AC Immune trials Alzheimer’s vaccine

Andrea Pfeifer

Switzerland's AC Immune biopharma has begun mid-stage trials of a vaccine against Alzheimer’s disease and Abeta-related cognitive decline in Down Syndrome patients.

AC Immune has started the phase 2 study with the anti-Abeta vaccine ACI-24 in patients with mild Alzheimer's disease to assess the safety, tolerability, immunogenicity, target engagement, biomarkers and clinical efficacy.

The trial aims to confirm positive trends on Abeta positron emission tomography imaging and clinical measurement from the finalised phase 1 safety study.

The second phase will be conducted in several European countries and the first patients have been already screened.

[caption id="attachment_46061" align="alignleft" width="73"]Andrea Pfeifer Andrea Pfeifer[/caption]

Professor Andrea Pfeifer, CEO of AC Immune, said: "We are delighted with the progress of ACI-24, the anti-Abeta vaccine, derived from our proprietary SupraAntigen platform."

"In addition to the development in Alzheimer's Disease, it is currently the only clinical-stage vaccine targeting the associated Abeta-induced cognitive decline in people with Down Syndrome.”

ACI-24 is a liposomal therapeutic anti-Abeta vaccine, which generates antibodies specific to disease-causing conformations.

It is designed to stimulate a patient's immune system to produce antibodies that specifically target the oligomeric and fibrillary Abeta proteins to prevent plaque accumulation and to enhance plaque clearance.

Preclinical data demonstrated a significant activity in plaque reduction and memory restoration as well as a favourable safety profile characterised by a lack of local inflammation and a mode of action independent of T-cells.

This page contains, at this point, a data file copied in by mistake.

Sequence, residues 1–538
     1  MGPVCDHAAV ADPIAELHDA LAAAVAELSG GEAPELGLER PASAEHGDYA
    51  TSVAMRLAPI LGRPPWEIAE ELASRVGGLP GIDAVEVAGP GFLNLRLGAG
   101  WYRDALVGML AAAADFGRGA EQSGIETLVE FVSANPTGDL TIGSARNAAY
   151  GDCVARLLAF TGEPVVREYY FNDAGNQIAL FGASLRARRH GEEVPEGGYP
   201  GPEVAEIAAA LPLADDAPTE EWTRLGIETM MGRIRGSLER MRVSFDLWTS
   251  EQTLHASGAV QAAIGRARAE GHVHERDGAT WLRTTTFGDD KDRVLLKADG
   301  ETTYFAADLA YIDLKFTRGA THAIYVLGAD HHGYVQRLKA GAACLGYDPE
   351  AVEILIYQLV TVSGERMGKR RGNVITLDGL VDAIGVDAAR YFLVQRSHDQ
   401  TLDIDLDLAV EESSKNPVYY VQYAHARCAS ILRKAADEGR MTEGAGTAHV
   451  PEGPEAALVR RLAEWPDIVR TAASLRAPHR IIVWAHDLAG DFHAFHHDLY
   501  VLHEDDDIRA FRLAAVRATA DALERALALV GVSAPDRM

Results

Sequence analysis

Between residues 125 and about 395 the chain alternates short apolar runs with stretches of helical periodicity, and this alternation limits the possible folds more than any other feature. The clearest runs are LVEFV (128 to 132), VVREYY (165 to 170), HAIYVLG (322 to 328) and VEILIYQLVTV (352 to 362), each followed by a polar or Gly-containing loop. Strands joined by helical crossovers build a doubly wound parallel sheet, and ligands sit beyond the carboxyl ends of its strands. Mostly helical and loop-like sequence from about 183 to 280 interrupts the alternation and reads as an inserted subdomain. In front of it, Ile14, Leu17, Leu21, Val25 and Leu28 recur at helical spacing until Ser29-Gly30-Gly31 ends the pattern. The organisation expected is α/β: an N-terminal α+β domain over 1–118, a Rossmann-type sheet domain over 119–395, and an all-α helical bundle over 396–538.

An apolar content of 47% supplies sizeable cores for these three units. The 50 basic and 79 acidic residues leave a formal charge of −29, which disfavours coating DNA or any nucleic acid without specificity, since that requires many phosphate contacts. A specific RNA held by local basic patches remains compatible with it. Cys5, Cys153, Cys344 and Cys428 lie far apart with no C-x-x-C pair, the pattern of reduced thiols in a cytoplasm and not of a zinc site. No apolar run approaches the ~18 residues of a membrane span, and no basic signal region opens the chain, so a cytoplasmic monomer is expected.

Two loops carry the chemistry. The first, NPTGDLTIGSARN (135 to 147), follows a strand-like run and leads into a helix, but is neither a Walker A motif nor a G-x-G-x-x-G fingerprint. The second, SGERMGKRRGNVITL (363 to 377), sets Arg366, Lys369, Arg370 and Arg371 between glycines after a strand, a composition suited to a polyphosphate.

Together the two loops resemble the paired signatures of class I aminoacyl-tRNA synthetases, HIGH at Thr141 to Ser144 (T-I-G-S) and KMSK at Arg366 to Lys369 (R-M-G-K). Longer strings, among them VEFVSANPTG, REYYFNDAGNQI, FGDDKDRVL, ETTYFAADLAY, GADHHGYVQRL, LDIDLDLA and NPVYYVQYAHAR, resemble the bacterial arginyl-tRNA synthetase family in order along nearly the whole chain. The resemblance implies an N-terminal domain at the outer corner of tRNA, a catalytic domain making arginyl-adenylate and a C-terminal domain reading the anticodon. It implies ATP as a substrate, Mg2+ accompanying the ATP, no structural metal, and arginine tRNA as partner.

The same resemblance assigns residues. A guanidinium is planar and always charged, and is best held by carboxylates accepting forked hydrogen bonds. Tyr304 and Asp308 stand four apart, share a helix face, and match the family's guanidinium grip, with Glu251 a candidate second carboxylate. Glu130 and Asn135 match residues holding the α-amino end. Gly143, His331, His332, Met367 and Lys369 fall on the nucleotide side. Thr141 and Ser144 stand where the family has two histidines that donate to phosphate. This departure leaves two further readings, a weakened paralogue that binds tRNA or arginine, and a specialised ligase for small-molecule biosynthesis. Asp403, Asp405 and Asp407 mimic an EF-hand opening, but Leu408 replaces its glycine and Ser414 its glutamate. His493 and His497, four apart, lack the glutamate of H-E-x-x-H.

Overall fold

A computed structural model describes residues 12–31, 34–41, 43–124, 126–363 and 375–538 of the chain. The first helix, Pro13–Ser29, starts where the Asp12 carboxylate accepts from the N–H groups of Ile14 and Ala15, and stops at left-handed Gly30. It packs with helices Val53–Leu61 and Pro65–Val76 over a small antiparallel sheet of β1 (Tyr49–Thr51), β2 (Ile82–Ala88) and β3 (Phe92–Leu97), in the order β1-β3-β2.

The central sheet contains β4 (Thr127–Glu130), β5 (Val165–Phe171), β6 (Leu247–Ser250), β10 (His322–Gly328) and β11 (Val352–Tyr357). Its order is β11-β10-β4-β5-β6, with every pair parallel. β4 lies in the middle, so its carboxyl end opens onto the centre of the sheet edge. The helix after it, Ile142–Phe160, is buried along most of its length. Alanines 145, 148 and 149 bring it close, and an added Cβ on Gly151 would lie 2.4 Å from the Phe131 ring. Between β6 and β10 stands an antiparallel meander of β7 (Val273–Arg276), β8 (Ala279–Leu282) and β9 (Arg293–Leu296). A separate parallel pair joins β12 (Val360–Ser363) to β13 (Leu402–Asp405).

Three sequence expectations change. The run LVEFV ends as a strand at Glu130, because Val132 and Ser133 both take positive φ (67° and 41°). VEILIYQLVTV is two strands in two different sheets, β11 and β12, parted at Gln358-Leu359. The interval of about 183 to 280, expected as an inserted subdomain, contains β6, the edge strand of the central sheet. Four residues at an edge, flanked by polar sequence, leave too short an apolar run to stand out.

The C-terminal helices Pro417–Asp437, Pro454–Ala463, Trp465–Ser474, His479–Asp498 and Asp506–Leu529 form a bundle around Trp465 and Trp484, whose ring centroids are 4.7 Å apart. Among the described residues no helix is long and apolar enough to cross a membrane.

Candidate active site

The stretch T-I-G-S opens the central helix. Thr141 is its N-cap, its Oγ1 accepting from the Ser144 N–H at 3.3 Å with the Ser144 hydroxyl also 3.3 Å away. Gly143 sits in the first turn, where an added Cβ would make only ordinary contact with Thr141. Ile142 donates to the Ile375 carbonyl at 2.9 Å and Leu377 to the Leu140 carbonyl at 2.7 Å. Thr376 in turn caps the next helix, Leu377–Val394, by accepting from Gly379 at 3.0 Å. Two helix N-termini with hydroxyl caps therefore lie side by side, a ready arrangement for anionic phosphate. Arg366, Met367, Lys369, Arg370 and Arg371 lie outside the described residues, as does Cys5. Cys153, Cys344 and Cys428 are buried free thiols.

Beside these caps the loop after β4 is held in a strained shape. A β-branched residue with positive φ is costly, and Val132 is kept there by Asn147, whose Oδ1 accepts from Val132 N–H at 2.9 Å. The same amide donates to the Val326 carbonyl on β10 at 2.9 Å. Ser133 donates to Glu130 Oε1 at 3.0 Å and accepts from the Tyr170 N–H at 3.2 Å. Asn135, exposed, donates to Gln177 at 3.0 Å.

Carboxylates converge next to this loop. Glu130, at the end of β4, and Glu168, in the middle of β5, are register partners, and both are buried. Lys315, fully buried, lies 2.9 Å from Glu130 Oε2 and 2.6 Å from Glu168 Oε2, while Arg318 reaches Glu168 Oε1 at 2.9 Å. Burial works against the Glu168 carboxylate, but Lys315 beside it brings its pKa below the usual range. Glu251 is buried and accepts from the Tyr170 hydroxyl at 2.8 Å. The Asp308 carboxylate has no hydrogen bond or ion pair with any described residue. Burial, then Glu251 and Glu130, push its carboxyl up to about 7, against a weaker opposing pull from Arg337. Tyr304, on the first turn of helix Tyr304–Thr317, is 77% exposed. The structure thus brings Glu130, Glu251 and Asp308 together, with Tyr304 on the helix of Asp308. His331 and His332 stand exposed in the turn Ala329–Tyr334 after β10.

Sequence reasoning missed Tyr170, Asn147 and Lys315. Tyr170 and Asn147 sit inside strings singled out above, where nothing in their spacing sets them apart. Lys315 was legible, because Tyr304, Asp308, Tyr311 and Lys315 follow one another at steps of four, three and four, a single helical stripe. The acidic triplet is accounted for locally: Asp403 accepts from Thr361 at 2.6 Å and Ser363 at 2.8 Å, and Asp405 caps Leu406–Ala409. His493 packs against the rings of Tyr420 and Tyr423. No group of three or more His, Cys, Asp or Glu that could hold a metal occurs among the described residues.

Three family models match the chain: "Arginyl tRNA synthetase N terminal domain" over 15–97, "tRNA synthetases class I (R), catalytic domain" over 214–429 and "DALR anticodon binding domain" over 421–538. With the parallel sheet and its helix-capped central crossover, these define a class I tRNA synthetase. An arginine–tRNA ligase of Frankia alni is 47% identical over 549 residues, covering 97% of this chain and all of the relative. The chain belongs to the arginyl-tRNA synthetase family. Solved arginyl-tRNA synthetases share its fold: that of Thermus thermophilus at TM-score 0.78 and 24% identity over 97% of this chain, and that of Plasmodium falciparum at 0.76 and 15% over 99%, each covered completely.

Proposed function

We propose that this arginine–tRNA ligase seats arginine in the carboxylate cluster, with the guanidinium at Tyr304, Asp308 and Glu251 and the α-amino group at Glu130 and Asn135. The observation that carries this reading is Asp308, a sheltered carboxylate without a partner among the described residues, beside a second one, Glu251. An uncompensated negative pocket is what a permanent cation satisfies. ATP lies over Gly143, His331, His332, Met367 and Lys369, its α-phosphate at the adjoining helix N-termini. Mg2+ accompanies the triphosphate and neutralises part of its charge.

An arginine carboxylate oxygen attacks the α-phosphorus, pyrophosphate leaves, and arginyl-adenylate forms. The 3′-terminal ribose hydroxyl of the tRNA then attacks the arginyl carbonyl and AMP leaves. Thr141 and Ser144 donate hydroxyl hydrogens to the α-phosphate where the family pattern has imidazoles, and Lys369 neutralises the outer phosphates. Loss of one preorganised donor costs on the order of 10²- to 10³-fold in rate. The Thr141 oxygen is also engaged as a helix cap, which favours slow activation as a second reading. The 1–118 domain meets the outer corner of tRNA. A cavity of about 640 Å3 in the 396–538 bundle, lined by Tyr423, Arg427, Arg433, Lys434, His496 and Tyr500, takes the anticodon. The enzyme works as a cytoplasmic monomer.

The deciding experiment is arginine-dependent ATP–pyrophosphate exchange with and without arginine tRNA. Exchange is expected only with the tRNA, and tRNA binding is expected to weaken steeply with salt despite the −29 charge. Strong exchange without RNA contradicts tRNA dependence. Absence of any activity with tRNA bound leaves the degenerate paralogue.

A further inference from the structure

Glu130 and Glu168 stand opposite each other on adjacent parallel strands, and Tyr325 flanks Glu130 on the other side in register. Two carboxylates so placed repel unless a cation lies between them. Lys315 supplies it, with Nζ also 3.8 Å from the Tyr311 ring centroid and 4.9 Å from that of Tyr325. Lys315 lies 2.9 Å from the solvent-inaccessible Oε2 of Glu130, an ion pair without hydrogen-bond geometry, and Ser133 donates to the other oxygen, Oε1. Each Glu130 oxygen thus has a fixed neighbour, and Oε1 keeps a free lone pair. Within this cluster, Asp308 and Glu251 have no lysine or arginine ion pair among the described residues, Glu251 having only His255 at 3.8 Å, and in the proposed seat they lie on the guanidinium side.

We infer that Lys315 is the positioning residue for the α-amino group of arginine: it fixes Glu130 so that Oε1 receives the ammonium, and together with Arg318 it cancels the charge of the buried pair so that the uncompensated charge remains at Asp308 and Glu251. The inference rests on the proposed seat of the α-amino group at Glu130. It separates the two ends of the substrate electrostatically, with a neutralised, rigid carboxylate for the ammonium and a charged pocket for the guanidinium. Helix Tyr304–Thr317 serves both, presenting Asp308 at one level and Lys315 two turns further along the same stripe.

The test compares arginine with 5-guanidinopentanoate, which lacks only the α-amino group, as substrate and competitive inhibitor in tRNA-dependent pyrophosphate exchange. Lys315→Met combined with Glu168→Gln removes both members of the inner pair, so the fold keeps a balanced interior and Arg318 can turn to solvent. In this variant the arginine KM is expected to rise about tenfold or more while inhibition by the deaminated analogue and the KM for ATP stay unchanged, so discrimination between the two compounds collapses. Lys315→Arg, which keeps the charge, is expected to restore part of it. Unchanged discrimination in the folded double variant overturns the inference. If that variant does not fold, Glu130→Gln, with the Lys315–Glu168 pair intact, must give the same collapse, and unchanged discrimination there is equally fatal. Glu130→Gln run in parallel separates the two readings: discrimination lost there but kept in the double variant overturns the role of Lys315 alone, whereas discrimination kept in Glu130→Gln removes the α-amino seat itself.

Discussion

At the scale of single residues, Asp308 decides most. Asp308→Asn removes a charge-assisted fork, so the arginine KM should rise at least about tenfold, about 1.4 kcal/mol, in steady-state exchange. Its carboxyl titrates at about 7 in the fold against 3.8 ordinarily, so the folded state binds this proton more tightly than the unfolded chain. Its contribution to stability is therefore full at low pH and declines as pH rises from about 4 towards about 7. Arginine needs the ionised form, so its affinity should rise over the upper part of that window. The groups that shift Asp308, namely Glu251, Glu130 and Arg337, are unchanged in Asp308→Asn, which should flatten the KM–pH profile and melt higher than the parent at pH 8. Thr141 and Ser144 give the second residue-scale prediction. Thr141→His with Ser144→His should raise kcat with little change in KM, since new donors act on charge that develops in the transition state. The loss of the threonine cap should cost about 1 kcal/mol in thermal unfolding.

AC Immune has also completed recruitment for study for the treatment of Alzheimer's disease-like characteristics in adults with Down Syndrome.

The first low-dose and the second high-dose groups have been recruited in August 2017 and in July 2018 respectively, and the results are expected later this year.

“Vaccines are potentially an important option for the treatment and prevention of neurodegenerative diseases and are a key asset in our pipeline," said Pfeifer.

There is still no effective treatment that could slow the progressions of Alzheimer’s.

Patients currently have access to drugs that only ease some of the symptoms but pharma has struggled in its efforts to develop new treatments that slow or reverse disease progression.

Eli Lilly’s solanezumab failed in a late-stage clinical trial for Alzheimer’s in late 2016; Boehringer’s BI 409306 failed a phase 2 trial; Merck’s verubecestat was axed when its second phase 3 trial produced disappointing results and vTv Therapeutics’s azeliragon missed two major goals in its phase 3 trial.

Just a few weeks ago Biogen and Eisai’s raised hopes with BAN2401, which initially excited investors, but both firms had failed to meet its goal of slowing cognitive decline.

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Piotr Wnuk